Other hospitals may be experiencing double key bouncing without recognizing it as a hazard. Clinicians may notice the discrepancy (either through manual review or smart pump technology) and simply correct it without reporting the event, often believing they caused the error by inadvertently pressing the key twice. If they recognize that the pump, itself, contributed to the mistake, clinicians may still just "accept" the phenomenon as typical for high-tech medical devices. Clinicians also may overlook a double key bounce or double keying error, especially if the higher infusion rate did not result in patient harm.
Safe Practice Recommendations: ECRI, an impartial health services research company, is also interested in double key bounce errors. They have begun testing various brands of infusion pumps to better understand the nature and scope of the problem. Meanwhile, until we know more, please alert staff to the potential for double key bounces when programming infusion pumps. ISMP also suggests implementation of the following recommendations to help prevent or quickly detect double key bounces as well as double keying errors with any infusion pump.
Verify screen displays. When programming pumps or changing settings, always compare the patient's prescribed therapy on the medication administration record, original order, or bar code device, to the displayed pump settings for verification before starting or restarting an infusion.
Independent double check. Require an independent double check of pump settings by another practitioner before starting or changing infusions with hospital-selected high-alert medications.
Listen then look. Keep pump tones functional on all pumps and focus on listening to the number of beeps while programming IV pumps; each beep should correspond to a single digit entry. Before leaving the patient's room, actually look at the IV tubing drip chamber to see if the observed rate of infusion looks faster or slower than expected. (A rate of 36 mL per hour is visually much slower than an erroneous rate of 366 or 336 mL per hour.)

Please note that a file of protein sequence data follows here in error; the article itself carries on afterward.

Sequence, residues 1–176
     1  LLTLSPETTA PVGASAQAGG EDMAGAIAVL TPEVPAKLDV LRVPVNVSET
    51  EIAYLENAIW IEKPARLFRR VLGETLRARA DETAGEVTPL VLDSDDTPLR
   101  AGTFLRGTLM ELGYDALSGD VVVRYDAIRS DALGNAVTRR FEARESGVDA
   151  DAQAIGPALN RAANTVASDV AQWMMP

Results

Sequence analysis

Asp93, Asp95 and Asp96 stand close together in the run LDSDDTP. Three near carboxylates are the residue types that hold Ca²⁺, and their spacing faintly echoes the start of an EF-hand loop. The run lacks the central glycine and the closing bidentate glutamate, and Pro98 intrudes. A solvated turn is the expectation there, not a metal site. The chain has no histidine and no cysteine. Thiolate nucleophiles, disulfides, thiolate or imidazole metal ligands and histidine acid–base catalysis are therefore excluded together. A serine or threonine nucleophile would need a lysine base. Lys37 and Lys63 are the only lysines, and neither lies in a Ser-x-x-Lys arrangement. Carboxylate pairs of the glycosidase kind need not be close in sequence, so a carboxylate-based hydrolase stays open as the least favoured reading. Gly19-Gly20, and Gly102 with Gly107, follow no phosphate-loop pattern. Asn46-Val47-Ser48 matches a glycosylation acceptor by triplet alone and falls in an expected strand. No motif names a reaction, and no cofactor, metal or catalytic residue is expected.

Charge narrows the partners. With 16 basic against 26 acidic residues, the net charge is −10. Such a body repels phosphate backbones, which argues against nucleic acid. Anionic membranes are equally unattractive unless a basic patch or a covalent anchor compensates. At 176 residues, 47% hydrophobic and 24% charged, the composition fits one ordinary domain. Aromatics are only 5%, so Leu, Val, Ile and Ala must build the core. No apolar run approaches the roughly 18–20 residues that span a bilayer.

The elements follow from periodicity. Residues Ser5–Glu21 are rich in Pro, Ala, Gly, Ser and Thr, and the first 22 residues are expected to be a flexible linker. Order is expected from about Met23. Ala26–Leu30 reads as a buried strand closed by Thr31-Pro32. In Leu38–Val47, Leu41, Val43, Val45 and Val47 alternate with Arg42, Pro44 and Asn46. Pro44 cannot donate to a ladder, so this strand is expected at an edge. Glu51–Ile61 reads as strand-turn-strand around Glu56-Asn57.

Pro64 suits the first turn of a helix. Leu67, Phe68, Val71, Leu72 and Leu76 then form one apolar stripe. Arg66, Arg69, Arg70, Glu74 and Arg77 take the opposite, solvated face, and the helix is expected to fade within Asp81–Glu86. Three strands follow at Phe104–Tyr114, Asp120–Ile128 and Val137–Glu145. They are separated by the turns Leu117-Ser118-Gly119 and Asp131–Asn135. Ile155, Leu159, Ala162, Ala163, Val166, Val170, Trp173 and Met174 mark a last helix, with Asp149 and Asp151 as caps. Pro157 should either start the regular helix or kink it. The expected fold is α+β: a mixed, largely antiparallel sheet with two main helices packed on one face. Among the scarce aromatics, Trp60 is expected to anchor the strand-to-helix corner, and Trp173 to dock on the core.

Dose alerts. Use smart infusion pumps with activated dosage error reduction software that will alert when safe doses and infusion rates have been exceeded when programming the pump. This will help detect most double key bounces and double keying errors before the infusion begins. Keep in mind, some hospitals may not have added alerts to the pump library for IV solutions that are dosed by infusion rate alone (e.g., TPN), or nurses may not always use the dose alert features. It's also important to review overridden dose alerts and adjust dosing guidelines as appropriate to reduce the frequency of clinically insignificant alerts, thus minimizing the chance of disregarding an alert from a double key bounce or double keying error.
Medical device vendors may have to begin exploring standards for the design and function of keyboards, keypads, and switches used in healthcare. This is a difficult task given the wide variation of designs currently in use. As noted above, holding down a key on a computer keyboard for more than about one-half second will result in repetition of the letter until the key is no longer depressed. Yet holding down the key on many telephone keypads will result in registering just the single number. Some fax machines, calculators, and microwaves allow double key bouncing when a depressed key is held, but others do not. Even the arrangement of number keys on telephones differs from those on computer keyboards or calculators. Thus, keyboard/keypad standards for medical devices could be helpful to reduce the risk of misprogramming.
We thank all who have already submitted comments and reports about double key bounces. Please continue to bring any events to the attention of ISMP (email@example.com). If known, include the pump manufacturer, model, and the specific conditions under which the double key bounce occurred.